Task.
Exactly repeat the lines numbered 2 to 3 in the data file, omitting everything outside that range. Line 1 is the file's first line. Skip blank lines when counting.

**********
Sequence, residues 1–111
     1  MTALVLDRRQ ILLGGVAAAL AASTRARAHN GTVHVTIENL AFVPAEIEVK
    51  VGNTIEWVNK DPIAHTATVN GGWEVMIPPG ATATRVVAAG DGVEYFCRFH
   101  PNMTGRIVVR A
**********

     1  MTALVLDRRQ ILLGGVAAAL AASTRARAHN GTVHVTIENL AFVPAEIEVK
    51  VGNTIEWVNK DPIAHTATVN GGWEVMIPPG ATATRVVAAG DGVEYFCRFH